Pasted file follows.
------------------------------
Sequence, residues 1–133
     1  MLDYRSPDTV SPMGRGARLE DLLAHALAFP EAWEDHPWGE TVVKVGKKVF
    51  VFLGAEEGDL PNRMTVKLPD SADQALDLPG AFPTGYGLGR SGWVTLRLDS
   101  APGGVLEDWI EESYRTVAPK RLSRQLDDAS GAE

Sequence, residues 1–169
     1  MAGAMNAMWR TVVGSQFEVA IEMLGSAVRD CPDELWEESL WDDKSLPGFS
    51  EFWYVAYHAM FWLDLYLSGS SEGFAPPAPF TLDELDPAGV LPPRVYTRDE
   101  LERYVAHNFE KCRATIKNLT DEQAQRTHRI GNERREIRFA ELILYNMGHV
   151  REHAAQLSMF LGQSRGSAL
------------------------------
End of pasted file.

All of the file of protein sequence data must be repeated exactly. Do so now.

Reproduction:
Sequence, residues 1–133
     1  MLDYRSPDTV SPMGRGARLE DLLAHALAFP EAWEDHPWGE TVVKVGKKVF
    51  VFLGAEEGDL PNRMTVKLPD SADQALDLPG AFPTGYGLGR SGWVTLRLDS
   101  APGGVLEDWI EESYRTVAPK RLSRQLDDAS GAE

Sequence, residues 1–169
     1  MAGAMNAMWR TVVGSQFEVA IEMLGSAVRD CPDELWEESL WDDKSLPGFS
    51  EFWYVAYHAM FWLDLYLSGS SEGFAPPAPF TLDELDPAGV LPPRVYTRDE
   101  LERYVAHNFE KCRATIKNLT DEQAQRTHRI GNERREIRFA ELILYNMGHV
   151  REHAAQLSMF LGQSRGSAL